Friday from 5.00 to 7.00 p.m.]

Hours: 12 hours

Module 5: Jewish and Christian


Distinctiveness of the Abrahamic traditions. Monotheism and the significance of the prophets. The leadership and vision of Moses and Jesus. Notion of a covenantal faith and types of covenants. Two foundational moments: Exodus and the Resurrection. Creation and redemption. Jewish and Christian canons [revealed and authoritative texts]. Calendar and festivals. Influence of Zoroastrianism on Judaism and Christianity, and the latter’s influence on Islam.

Resource Persons: -Dr. Keith D’Souza

                                  -Mr. Royston Mascarenhas

Duration: 27th September to 14th October 2022 [Tuesday

                   and Friday from 5.00 to 7.00 p.m.]

Hours: 12 hours

Module 7: Indigenous traditions 

Primal and nature-attuned religious expression. Orality, narrativity and aesthetics as communicative means. Community-based identity. Significance of totems. Generalities and divergences between global indigenous traditions. Raimundo Panikkar’s “cosmotheandric wisdom” as a template for indigeneous spiritualities.

Resource Persons: -Dr. S. M. Michael

                                  -Dr. Pranoti Chirmuley

Duration:29th November to 16th December 2022 [Tuesday and Friday from 5.00 to 7.00 p.m.]

Hours: 12 hours

Template for Modules 2 to 7:

Each module will comprise of the following presentational structure:

1. Exposition of the origins of the particular religious tradition/s: history, literature, metaphysics, epistemology, ethics, socio-cultural features.

2. Overview of the subsequent interpretations, developments, and sub-divisions of the tradition/s.

3. A critique of the tradition/s in the light of contemporary contexts, and various challenges that need to be addressed.

4. Future (trajectorial) possibilities of the development of the tradition/s.

Module 2: Vedic Tradition and                                                Orthodox / Astika Philosophy

Introduction to the Vedic view of life. Concepts of Rta-Rna, varna, dharma, ashrama, purusartha. Introduction to Vedic literature: Samhitas, Brahmanas, Aranyakas, Upanishads. Transition from the cultic to the philosophical. Development into six major schools of philosophy (darsanas).

Resource Persons: - Dr. Shakuntala Gawde

                                  - Prof. Meenal Katarnikar

                                  - Dr. Harsha Badkar

Duration:  26th July to 12th August 2022 [Tuesday and 

                     Friday from 5.00 to 7.00 p.m.]

Hours: 12 hours

Module 4: Bhakti and Sikh traditions

Bhakti as a path to liberation during the Medieval Period. The development of rational and empirical mysticism during this period. Introduction to the Sikh tradition, which is an amalgamation of the Vedic, Sramanic, Bhakti and Islamic traditions. The ten Gurus and the Grant Sahib.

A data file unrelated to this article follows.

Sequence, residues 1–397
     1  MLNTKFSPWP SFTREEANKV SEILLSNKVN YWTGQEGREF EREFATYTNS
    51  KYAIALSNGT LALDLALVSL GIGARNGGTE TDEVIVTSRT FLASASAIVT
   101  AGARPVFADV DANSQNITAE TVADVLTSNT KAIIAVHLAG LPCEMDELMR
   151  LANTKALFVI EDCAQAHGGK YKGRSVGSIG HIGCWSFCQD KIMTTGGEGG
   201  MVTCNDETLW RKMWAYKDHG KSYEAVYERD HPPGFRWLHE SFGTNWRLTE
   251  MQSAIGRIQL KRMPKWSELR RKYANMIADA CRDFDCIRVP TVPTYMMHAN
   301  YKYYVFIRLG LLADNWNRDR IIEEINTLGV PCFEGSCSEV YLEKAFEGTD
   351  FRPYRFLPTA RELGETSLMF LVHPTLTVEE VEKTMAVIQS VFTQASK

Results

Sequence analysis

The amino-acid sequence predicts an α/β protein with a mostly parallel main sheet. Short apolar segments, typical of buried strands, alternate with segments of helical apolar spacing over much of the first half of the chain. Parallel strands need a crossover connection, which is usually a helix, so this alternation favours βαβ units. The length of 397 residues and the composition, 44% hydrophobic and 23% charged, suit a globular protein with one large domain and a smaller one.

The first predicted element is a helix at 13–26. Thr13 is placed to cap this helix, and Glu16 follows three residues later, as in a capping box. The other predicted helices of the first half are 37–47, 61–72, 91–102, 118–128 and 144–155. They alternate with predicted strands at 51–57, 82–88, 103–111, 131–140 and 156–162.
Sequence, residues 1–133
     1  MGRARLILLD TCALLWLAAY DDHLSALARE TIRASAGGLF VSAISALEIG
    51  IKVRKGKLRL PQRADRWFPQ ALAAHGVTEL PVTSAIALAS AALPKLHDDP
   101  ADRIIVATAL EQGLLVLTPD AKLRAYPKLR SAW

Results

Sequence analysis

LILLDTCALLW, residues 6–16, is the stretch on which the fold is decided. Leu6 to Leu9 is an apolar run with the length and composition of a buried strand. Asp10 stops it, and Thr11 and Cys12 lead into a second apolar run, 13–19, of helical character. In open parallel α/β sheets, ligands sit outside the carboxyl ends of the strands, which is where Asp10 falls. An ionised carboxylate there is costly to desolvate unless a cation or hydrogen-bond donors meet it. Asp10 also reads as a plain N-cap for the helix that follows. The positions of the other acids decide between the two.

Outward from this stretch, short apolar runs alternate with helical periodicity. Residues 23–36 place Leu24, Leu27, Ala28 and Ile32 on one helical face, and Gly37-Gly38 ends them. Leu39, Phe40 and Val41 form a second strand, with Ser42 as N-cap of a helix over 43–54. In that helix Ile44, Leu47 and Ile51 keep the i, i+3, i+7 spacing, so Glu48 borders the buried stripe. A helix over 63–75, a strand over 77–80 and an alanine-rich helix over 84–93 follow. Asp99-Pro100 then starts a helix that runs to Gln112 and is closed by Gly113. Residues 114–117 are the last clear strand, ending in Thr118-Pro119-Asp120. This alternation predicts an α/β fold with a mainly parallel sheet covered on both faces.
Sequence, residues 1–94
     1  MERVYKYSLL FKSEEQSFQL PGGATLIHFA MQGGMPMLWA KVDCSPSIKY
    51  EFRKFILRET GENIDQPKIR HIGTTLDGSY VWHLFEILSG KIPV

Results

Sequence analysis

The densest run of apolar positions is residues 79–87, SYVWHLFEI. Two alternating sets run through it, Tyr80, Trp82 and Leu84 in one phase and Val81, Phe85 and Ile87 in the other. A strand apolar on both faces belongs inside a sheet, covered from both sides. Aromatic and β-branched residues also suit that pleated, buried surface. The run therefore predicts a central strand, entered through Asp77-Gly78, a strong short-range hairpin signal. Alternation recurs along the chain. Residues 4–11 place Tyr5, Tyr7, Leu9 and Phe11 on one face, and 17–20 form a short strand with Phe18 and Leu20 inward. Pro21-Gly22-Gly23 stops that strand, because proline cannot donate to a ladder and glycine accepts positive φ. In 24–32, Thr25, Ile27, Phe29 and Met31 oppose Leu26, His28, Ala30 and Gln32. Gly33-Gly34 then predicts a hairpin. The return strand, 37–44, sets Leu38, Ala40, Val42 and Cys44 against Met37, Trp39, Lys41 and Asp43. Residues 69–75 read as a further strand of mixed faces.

Resource Persons: -Dr. Harshita Jhala 

                                  -Dr. Davinderpal Kaur

Duration: 6th September to 23rd September 2022 [Tuesday

                   and Friday from 5.00 to 7.00 p.m.]

Hours: 12 hours

Module 6: Zoroastrian, Islamic and

                        Bahai traditions

Zoroastrian tradition as the oldest tradition in West Asia. The beginnings of monotheism. Belief in Ahura Mazda. The teachings of prophet Zarathustra. Influence on Judaism, and thereby Christianity and Islam.  Islam as the religion propounded by Prophet Muhammad. A development of the Jewish and Christian traditions. Bahai faith started by Bahaullah in Iran. A development or synthesis of Islam and other traditions.

Resource Persons: -Dr. Shehernaz Nalwalla

                                  -Mr. Irfan Engineer

Duration: 8th November to 25th November 2022 [Tuesday

                    and Friday from 5.00 to 7.00 p.m.]

Hours: 12 hours

Module 8: Inter-Religious Confluence


Similarities and differences between different religious traditions. The influence of religions on one another. Instances of, and possibilities for mutual fecundity. The need for inter-religious dialogue. The necessity for a reinterpretation of religious traditions. The possibility of a religion-influenced global ethics. A common charter for compassion. The role of religion in contributing towards civic harmony. 

Resource Persons: -Ms. Amita Dhanda

                                  -Dr. Ananda Amritmahal

                                  -Dr. Harsha Badkar

                                  -Dr. Victor Ferrao

                                   -Prof. Aravind Ganachari

                                  -Dr. S. M. Michael

                                  -Dr. Shehernaz Nalwalla

                                  -Mr. Irfan Engineer

                                  -Dr. Keith D’Souza

                                  -Mr. Royston Mascarenhas

Duration: 10th January to 24th January 2023 [Tuesday and 

                   Friday from 5.00 to 7.00 p.m.]

Hours: 12 hours

For queries and registration contact- 

Ms. Shilpa Chheda (Course Coordinator) : 9323980615